|10 cities with the lowest proportion of private sector jobs|
- In total, there were about 7,800 patent applications in 2018. Of these, 48 per cent were in cities.
- The overall number of patent applications fell compared to the previous year. In 2018, there were on average 12 patent applications per 100,000 residents, an average of six patents fewer than in 2017.
- Cambridge continues to be the city with the highest number of published patent applications.
- The top 10 cities for patent applications accounted for 17 per cent of all applications in the country and for 35 per cent of all applications in cities.
Table 9: Patent applications published per 100,000 residents
|UK patent applications published per 100,000 residents, 2018|
|10 cities with highest number of published patent applications|
|10 cities with lowest number of published patent applications|
- In 2018, productivity, measured as GDP per worker, was higher on average in cities (£71,100) compared to the national average (£68,900). In addition to this, GDP per worker saw a greater average increase in cities, rising by 2.9 per cent compared to a 2.3 per cent national average.
- However, only 12 cities out of 62 had levels of productivity above the British average. With the exception of Edinburgh, all of them are in the Greater South East.
- In 16 cities, productivity per worker was at least 20 per cent lower than the national average. In Blackburn, it was almost 30 per cent lower than the national average.
Table 10: GDP per worker
|Rank||City||GDP per worker, 2018 (£)|
|10 cities with the highest GDP per worker|
|10 cities with the lowest GDP per worker|
- Cities are home to 58 per cent of the UK working-age population with a degree or equivalent qualification.
- However, the UK’s high-skilled population is concentrated in a few cities. The top 10 cities combined account for over 29 per cent of the UK’s high-skilled population (compared to 22 per cent of the working-age population).
- In 2018, 43 cities had a share of population with high-level qualifications lower than the UK average (39 per cent), less than in 2017, when 46 cities were below the national average.
- Scottish cities perform particularly well on this measure, and three out of four are now in the top 10 for share of population with high-level qualifications.
- Eight of the 10 cities with the lowest share of population with high-level qualifications do not have a university. Hull and Sunderland are in the bottom 10 despite having universities.
Table 11: Residents with high-level qualifications
|Working age population with NVQ4 & above, 2018 (%)|
|10 cities with the highest percentage of people with high qualifications|
|10 cities with the lowest percentage of people with high qualifications|
No formal qualifications
- Cities were also over-represented for people with no qualifications, although the share of people with no qualifications living in cities has slightly decreased compared to last year, from 59 to 58 per cent.
- Despite accounting only for 10 per cent of the UK’s overall working-age population, the 10 cities with the highest share of population with no qualifications account for 15 per cent of all the national total.
- Some cities have very polarised skills profiles: Glasgow had the 10th highest share of population with high qualifications but also the ninth highest proportion of population with no qualifications. Similarly, Dundee ranked 12th in terms of high qualifications but also had a high share of population with no formal qualifications (11 per cent).
Table 12: Residents with no formal qualifications
|Percentage working age population with no formal qualifications, 2018 (%)|
|10 cities with the lowest percentage of people with no formal qualifications|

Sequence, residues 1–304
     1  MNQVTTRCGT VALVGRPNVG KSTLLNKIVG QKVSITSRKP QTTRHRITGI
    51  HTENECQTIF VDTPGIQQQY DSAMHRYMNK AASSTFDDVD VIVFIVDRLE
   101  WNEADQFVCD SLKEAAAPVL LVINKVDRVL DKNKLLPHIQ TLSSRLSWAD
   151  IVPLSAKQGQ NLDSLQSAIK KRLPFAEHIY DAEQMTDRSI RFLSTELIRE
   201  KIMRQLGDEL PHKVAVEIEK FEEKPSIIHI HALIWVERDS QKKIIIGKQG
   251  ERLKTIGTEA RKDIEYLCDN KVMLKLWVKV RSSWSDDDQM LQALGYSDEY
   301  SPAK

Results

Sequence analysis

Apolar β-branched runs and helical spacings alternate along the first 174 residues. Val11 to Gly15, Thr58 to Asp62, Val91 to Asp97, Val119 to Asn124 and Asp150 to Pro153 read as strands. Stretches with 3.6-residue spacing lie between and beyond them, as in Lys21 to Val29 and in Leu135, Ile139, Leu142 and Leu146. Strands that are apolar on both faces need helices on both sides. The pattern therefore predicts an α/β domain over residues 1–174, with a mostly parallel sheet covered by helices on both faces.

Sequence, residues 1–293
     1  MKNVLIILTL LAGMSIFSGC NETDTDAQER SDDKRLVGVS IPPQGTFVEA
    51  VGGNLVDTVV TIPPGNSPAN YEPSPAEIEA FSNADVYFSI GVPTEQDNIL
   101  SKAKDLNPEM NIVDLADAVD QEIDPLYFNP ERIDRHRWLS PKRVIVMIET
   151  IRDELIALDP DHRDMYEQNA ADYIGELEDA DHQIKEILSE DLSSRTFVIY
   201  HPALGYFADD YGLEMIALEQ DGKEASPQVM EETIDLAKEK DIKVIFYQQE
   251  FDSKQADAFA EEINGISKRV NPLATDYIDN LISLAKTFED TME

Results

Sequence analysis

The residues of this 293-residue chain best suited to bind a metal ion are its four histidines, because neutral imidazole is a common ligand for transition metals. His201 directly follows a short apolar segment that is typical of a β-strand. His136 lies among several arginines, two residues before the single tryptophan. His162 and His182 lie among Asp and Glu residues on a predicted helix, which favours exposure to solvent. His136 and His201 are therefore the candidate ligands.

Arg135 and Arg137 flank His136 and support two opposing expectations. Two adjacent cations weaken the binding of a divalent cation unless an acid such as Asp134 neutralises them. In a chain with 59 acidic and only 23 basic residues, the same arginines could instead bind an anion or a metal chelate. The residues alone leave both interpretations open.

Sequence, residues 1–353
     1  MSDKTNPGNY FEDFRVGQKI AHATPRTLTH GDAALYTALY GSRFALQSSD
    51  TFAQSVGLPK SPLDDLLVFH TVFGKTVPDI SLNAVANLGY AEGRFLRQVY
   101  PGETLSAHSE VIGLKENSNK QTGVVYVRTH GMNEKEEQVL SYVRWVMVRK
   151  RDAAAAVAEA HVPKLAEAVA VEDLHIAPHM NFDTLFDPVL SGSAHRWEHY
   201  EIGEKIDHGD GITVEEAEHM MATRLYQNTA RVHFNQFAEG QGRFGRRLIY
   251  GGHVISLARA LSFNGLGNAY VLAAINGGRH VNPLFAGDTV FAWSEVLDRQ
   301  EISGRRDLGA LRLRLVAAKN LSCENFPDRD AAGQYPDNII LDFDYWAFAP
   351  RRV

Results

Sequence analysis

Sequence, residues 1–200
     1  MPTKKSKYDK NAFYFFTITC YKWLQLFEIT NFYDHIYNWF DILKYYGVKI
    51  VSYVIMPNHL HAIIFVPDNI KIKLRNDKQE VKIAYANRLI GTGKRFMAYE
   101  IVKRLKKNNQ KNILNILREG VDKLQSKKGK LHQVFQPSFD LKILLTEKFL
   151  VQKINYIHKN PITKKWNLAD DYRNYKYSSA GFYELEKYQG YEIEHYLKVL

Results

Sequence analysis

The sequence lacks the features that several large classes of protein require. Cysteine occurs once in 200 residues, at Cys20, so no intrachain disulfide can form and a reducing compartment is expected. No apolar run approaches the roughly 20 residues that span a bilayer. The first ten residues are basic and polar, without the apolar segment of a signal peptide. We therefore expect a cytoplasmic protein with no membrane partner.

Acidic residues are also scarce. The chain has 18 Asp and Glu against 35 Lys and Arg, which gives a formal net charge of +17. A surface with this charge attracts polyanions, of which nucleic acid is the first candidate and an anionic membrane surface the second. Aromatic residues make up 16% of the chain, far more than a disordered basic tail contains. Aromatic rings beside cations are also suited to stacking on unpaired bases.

|10 cities with the highest percentage of people with no formal qualifications|
Housing stock growth
- In 2018, cities accounted for 52 per cent of the UK’s housing stock, but only for 49 per cent of new dwellings between 2017 and 2018.
- Housing stock growth exceeded the UK average in 20 cities only.
- For the third year, Cambridge is the city with the highest growth in housing stock and the city now has 16 per cent more homes than it did in 2008.
- In absolute terms, London is the city that built the most (36,700) new houses. However, this represented a housing stock growth of 0.9 per cent, ranking London only 22nd nationally.
- House prices in Great Britain increased on average by 0.5 per cent compared to 2018, with 33 cities seeing an increase.
- In 2019, house prices in London (£592,900) – the most expensive city – were almost twice the national average (£281,000), while house prices in Burnley (£106,800) – the least expensive city – were less than half the British average.
- The most expensive cities are not necessarily those building the most. Basildon, Brighton and Oxford are among the top 10 most expensive cities, but have some of the lowest housing stock growth in the country. In contrast, Cambridge, Reading and Slough are also among the most expensive places, but they lead the table for house building.
Table 14: House price growth
- In 2019, on average, house prices in Britain were 4 times the annual salary of residents. This is slightly more affordable than the previous year, where the affordability ratio was 9.8.
- In total, only 15 out of 62 cities were less affordable than the British average.
- Only 18 cities have become more affordable over the last decade. However, all of them were already among the most affordable places 10 years ago.
Table 15: Housing affordability ratio
- The share of UK premises that had access to ‘ultrafast’ broadband (>100 Mbps) increased from 56 per cent in 2018 to 59 per cent in 2019.
- In 54 out of 63 cities, the proportion of properties with access to ultrafast speeds exceeded the UK average.
- Milton Keynes and Aberdeen experienced the largest growth in properties with access to ultrafast broadband (23 and 21 per centage point increases respectively).
- While there is variation in the coverage of ultrafast broadband (>100 Mps), the next level down in speed, ‘superfast’ broadband (>30 Mbps), is more consistently available, with all cities having at least 90 per cent of their properties covered by ‘superfast’ broadband.
Table 16: Premises achieving ultrafast broadband speeds
|Rank||City||Properties achieving ultrafast broadband, 2019 (%)|
|10 cities with the highest ultrafast broadband penetration rate|
|10 cities with the lowest ultrafast broadband penetration rate|
- In 2017, cities accounted for 54 per cent of the UK population but for only 45 per cent of the UK’s total CO2 emissions.
- Average UK emissions per capita in 2017 totalled 5.3 tonnes (down from 5.5 tonnes in 2016), but the city average was lower at 4.5 tonnes.
- Swansea and Middlesbrough are significant outliers, emitting far more than the national average. However, Middlesbrough has seen a fall in its emissions (down 8 per cent compared to 2016), while emissions in Swansea increased by 3 per cent compared to 2016.